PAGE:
Postpals is a simple policy daemon for Postfix. It maintains a database of outgoing mail, specifically recipients and relays associated to them. Main goal is to whitelist mail coming back from those senders and relays early in the postfix restriction chain, so it doesn't get hit with any client UCE checks you are using (RBL, helo, PTR, greylisting etc). This is important because many legimate servers are located in dynamic looking networks etc, which commonly result in false rejects.
Preliminary evidence suggests that any relay (or a /24 subnet of) accepting mail is most likely a legimate one. Thus it shouldn't be rejected or delayed when sending mail back. Other good method is to check known sender/recipient email pairs regardless of relay. For a certain large organization, 28% of total traffic matched a known entry and only 0.1% of those were spam. Most of that spam originated from large relays that should not be rejected directly at MTA anyway.
Postpals is written in Perl for easy maintenance and has only few non-standard module dependencies:
Postpals-taillog is a daemon used to continuously tail postfix mail log and to send found sender/recipient/relay entries to the main postpals daemon database. That way the main daemon is more robust and not limited in which way to receive information.
No help for now. Just download the scripts to /usr/local/sbin or such. Then you need to create startup scripts and users as necessary, it depends on your system. Have a look at options the scripts provide and examples below.
Let daemon listen 127.0.0.1:10040 as user postpals, responding OK when entry is found and DUNNO otherwise. If you don't use SpamAssassin, then you probably don't need to keep database of exact relay IPs, so just relay24 should be enough.
postpals -u postpals -g postpals -d /var/postpals/postpals.db -T relay24,rcpt 10040
Configure postfix main.cf to check policy service before other checks. They will be skipped on postpals matching. Remember to put all relay checks first, so you don't create an open relay!
(RBL, helo, PTR checks..)
Optionally prime an empty database with some old logs from stdin. You can also test that it works properly this way.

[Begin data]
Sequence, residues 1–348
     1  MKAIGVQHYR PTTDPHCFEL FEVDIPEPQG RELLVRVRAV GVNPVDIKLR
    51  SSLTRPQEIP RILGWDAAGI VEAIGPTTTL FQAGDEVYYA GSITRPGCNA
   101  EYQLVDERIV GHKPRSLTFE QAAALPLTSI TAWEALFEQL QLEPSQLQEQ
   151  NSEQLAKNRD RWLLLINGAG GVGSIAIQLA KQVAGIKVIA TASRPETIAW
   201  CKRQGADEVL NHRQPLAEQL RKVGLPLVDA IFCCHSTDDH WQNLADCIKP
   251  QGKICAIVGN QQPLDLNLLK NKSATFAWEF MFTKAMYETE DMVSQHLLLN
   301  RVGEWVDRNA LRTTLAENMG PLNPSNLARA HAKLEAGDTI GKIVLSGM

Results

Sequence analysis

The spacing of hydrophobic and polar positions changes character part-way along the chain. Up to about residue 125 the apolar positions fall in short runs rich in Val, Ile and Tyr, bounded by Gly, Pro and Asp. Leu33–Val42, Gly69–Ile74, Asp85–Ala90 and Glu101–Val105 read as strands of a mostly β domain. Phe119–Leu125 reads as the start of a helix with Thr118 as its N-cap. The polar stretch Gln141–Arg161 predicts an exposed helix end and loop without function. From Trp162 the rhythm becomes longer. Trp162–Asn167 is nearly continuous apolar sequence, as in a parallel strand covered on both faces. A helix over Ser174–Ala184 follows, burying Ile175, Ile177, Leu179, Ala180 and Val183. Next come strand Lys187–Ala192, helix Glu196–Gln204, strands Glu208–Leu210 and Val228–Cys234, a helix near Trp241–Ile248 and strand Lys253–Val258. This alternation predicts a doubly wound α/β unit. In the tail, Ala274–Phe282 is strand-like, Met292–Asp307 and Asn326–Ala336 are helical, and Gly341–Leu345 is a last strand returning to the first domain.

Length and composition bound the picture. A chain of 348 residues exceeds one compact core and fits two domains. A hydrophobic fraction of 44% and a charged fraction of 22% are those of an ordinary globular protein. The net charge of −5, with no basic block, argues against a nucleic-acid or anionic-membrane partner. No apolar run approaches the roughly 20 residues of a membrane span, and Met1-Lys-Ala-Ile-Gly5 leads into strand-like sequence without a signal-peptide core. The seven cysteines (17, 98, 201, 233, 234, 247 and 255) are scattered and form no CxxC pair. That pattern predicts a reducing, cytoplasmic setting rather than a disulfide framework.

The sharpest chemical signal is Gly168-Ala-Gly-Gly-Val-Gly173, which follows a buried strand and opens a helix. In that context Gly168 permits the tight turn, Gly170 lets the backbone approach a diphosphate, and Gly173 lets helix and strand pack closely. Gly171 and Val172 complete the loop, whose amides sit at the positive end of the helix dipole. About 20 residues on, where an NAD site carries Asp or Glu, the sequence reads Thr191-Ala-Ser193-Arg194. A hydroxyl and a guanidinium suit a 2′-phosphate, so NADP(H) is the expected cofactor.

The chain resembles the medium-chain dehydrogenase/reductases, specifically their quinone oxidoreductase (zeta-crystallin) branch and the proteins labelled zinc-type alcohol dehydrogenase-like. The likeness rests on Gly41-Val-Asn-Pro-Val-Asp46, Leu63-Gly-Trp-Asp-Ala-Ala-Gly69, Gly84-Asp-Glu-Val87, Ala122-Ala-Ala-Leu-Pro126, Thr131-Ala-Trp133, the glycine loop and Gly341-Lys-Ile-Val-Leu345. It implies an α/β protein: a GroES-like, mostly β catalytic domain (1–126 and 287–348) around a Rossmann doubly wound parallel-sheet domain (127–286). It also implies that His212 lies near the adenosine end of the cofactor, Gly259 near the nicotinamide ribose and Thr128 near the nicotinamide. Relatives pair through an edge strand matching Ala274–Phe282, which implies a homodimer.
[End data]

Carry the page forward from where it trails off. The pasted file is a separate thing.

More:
postpals-taillog -x -v 10040 < /var/log/mail.log
Run the tailing daemon (as someone who has permission to read the log):
postpals-taillog -u syslog 10040 /var/log/mail.log
Due to Postfix design, it gets a bit trickier if you want to PREPEND a header and at the same time OK the request.
Start postpals with -C option, so it responds with DUNNO or restriction class named postpals_hit_<testname>.
postpals -C -u postpals -g postpals -d /var/postpals/postpals.db 10040
You also need to define the classes in postfix main.cf:
When postpals responds to a match with class name, a dummy pcre table (or regexp if you like) will add a header to the mail. Then rest of the postfix checks are skipped using permit_auth_destination. Example of the pcre table:
/^/ PREPEND X-Postpals-Hit: relay
You should use an unguessable header name like X-Postpals-83751, so it can't be forged easily!
You can then use your header in SpamAssassin to score and log hits.
header POSTPALS_RELAY24 X-Postpals-Hit =~ /\brelay24\b/
score POSTPALS_RELAY24 -0.5
header POSTPALS_RELAY X-Postpals-Hit =~ /\brelay\b/
score POSTPALS_RELAY -1
header POSTPALS_RCPT X-Postpals-Hit =~ /\brcpt\b/
score POSTPALS_RCPT -1.5
Postpals is a single process multiplexing daemon. Design goal was to remove need for bloaty external databases like BerkeleyDB. The data is stored in memory as Perl hashes and periodically backed up to disk (using Storable module). All sender/recipient keys are reduced to 5-byte hashes and IPs are stored as integers, so memory usage is smallish (for Perl..) and disk backup takes little space. Tested peak performance ranges from 350 queries/s (P2 350MHz) to 6500 queries/s (AMD 3GHz).
Taking an userbase of 2000 with 20000 msgs/day as an example: database contains 100000 keys using 10MB memory, 1MB disk backup. Cleanup and backup run takes less than a second.
It's possible to feed postpals with your own tool instead of postpals-taillog. Only thing needed is to send a special policy request to postpals socket:
Required info is either relay (for relay/relay24 tests) and/or sender+recipient (for rcpt test). Likewise a postpals_del_entry request will delete keys from the database. For performance reasons the daemon will not reply back.
Postpals is free software and released under BSD license, which basically means that you can do what you want as long as you keep the copyright notice:
Copyright © 2010, Henrik Krohns <email@example.com>
All rights reserved.
Redistribution and use in source and binary forms, with or without modification, are permitted provided that the following conditions are met:
THIS SOFTWARE IS PROVIDED BY THE COPYRIGHT HOLDERS AND CONTRIBUTORS "AS IS" AND ANY EXPRESS OR IMPLIED WARRANTIES, INCLUDING, BUT NOT LIMITED TO, THE IMPLIED WARRANTIES OF MERCHANTABILITY AND FITNESS FOR A PARTICULAR PURPOSE ARE DISCLAIMED. IN NO EVENT SHALL THE COPYRIGHT HOLDER OR CONTRIBUTORS BE LIABLE FOR ANY DIRECT, INDIRECT, INCIDENTAL, SPECIAL, EXEMPLARY, OR CONSEQUENTIAL DAMAGES (INCLUDING, BUT NOT LIMITED TO, PROCUREMENT OF SUBSTITUTE GOODS OR SERVICES; LOSS OF USE, DATA, OR PROFITS; OR BUSINESS INTERRUPTION) HOWEVER CAUSED AND ON ANY THEORY OF LIABILITY, WHETHER IN CONTRACT, STRICT LIABILITY, OR TORT (INCLUDING NEGLIGENCE OR OTHERWISE) ARISING IN ANY WAY OUT OF THE USE OF THIS SOFTWARE, EVEN IF ADVISED OF THE POSSIBILITY OF SUCH DAMAGE.